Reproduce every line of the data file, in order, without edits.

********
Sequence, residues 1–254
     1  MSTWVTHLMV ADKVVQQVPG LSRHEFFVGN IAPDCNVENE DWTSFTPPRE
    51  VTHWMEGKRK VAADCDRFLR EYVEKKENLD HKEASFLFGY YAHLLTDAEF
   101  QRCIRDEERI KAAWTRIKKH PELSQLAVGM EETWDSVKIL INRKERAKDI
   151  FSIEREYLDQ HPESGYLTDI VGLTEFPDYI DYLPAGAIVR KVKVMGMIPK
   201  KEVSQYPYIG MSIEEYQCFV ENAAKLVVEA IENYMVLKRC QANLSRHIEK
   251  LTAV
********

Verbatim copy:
Sequence, residues 1–254
     1  MSTWVTHLMV ADKVVQQVPG LSRHEFFVGN IAPDCNVENE DWTSFTPPRE
    51  VTHWMEGKRK VAADCDRFLR EYVEKKENLD HKEASFLFGY YAHLLTDAEF
   101  QRCIRDEERI KAAWTRIKKH PELSQLAVGM EETWDSVKIL INRKERAKDI
   151  FSIEREYLDQ HPESGYLTDI VGLTEFPDYI DYLPAGAIVR KVKVMGMIPK
   201  KEVSQYPYIG MSIEEYQCFV ENAAKLVVEA IENYMVLKRC QANLSRHIEK
   251  LTAV